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Protecting Young Families and Grandchildren

Protecting Young Families and Grandchildren

Wills and estate planning are not just for older clients. When a young family has a newborn child, it is strongly recommended they adopt a Will. The parents will be able to designate how funds are safeguarded for their children, and who will be the caregiver of their child in the event both parents have passed away or are unable to do so. (Technically, a separate Court Guardianship hearing is required, but I know of no circumstance in which a Judge did not follow the Guardianship designation set forth in a Will, so long as the named Guardian is not disqualified for some reason). Most Wills have children or other family or friends as the primary beneficiaries, and we often include the language "per stirpes" which is a Latin term which means "by the stocks or by the roots." This Will drafting language has the effect, in the event the named adult child or beneficiary under the Will passes away before the Testator (the parent making the Will), and if there are younger grandchildren who are the children of the child who has died, then those children will step into the shoes of their parent and receive the same share of the Estate that the deceased parent would have received. The Wills we prepare contain detailed Child Trust language and designate a Trustee. As part of our process in creating a "Legacy of Love," a person making a Will can have the peace of mind and comfort of knowing that children and grandchildren will receive an inheritance in the future and, in the event of a tragedy in which a middle-aged parent passes away at an early age, younger grandchildren will still receive an inheritance and the funds will be appropriately safeguarded. Finally, in many family circumstances, all children share equally as beneficiaries. However, there may be very good reasons why one child should receive more or less, or why one child should be disinherited under a Will (i.e. drug, alcohol or mental impairment, someone is not responsible with managing money, a child has borrowed funds from a parent or has receive some other inheritance, or one child has a good job and high net worth, while another child is financially struggling). Many Grandparents feel it is very important to have some amount given directly to Grandchildren so they know they are remembered in a Will. In short, there are thousands of variables and different situations that impact how the Will is drafted. If you have questions or concerns about how best to protect children and grandchildren, please give Scott a call.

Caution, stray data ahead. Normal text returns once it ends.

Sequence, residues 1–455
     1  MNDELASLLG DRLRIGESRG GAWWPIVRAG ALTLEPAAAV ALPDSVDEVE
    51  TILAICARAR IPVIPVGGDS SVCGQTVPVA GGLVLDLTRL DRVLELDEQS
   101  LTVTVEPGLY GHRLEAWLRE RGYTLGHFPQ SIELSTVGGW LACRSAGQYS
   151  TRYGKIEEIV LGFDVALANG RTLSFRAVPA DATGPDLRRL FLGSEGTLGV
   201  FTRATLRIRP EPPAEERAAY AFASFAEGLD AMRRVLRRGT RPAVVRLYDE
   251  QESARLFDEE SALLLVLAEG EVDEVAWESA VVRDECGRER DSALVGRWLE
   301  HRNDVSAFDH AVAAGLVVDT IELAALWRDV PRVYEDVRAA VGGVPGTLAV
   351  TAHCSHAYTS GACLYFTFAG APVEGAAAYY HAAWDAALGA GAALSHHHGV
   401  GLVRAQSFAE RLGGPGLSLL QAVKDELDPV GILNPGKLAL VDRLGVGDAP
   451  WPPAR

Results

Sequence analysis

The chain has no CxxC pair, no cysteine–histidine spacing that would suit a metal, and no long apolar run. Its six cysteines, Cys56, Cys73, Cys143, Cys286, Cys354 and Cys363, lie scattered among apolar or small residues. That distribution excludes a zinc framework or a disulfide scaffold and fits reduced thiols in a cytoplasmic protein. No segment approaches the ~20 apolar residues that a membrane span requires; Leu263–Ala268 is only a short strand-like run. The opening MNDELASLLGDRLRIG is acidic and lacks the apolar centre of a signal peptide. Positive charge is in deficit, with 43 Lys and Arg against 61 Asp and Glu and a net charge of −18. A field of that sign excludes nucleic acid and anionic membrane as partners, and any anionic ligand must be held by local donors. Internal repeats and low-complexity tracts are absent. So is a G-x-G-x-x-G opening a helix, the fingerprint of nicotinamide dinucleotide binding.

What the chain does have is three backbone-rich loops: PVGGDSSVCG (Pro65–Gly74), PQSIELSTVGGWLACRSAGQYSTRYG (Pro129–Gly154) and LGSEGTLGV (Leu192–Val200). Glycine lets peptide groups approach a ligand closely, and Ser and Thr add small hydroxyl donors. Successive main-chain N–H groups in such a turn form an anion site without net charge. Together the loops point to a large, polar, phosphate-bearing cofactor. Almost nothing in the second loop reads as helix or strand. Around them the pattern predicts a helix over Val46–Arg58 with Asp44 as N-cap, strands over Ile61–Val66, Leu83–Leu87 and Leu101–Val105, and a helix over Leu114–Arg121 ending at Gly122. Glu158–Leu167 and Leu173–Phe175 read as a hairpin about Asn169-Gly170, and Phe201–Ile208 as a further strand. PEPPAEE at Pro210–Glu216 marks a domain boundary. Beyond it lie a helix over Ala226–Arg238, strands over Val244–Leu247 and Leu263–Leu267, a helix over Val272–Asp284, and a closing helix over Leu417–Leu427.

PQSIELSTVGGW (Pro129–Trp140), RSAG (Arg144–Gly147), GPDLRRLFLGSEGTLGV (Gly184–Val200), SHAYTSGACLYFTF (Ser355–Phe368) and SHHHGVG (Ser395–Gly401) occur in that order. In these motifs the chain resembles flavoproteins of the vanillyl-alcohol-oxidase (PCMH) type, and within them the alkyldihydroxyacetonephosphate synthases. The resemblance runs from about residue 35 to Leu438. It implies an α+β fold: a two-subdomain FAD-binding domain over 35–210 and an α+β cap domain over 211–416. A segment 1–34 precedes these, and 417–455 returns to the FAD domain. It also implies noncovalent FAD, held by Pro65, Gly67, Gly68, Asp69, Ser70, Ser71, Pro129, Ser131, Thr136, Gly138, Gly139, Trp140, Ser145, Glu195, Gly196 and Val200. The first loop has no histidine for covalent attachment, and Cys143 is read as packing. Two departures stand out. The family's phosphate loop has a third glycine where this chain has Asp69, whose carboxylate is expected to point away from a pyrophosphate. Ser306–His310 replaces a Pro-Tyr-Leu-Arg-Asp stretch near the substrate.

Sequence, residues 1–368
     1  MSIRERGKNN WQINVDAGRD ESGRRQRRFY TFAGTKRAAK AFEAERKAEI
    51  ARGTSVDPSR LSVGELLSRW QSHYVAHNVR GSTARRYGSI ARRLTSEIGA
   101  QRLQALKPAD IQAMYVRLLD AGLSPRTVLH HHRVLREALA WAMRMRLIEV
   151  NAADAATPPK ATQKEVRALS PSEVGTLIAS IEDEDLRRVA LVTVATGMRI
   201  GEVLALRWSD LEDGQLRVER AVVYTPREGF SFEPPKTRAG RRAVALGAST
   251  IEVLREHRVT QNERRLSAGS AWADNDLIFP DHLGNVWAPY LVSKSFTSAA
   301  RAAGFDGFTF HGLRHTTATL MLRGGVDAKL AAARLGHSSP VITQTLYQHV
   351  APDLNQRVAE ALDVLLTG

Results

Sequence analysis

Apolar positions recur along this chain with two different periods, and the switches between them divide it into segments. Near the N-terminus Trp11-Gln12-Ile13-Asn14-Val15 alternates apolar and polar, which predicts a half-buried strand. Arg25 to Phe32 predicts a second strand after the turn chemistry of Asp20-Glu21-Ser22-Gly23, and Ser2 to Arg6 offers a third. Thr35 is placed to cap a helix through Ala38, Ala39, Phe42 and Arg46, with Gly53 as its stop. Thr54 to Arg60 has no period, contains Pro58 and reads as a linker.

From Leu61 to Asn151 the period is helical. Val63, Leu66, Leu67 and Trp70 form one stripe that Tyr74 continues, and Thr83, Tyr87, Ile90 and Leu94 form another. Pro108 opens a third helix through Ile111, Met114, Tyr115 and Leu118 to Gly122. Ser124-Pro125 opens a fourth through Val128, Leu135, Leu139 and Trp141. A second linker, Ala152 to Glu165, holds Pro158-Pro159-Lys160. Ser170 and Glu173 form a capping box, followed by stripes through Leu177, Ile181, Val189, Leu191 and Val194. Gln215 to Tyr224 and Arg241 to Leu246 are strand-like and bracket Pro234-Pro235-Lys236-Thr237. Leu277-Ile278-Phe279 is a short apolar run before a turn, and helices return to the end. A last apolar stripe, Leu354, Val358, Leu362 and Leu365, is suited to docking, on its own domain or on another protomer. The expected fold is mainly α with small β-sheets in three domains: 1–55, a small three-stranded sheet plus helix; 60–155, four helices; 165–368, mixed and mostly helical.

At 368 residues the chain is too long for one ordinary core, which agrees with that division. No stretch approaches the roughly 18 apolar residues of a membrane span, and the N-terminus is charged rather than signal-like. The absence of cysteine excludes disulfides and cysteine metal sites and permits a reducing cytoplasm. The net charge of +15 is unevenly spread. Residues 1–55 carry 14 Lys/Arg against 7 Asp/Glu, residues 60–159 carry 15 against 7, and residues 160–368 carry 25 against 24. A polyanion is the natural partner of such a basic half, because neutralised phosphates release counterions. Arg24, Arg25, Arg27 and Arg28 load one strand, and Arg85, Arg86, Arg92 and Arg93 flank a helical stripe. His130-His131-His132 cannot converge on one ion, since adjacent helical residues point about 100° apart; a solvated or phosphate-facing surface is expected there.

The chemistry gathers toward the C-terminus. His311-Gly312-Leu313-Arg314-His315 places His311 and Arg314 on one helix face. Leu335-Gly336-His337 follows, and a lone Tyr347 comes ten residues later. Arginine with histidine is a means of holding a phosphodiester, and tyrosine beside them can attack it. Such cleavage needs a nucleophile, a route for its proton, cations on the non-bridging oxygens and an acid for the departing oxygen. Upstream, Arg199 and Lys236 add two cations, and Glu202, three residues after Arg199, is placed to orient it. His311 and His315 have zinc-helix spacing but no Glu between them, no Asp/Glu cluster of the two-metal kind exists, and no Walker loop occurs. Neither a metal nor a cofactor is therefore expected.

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Thank you for your interest. We look forward to hearing from you soon.

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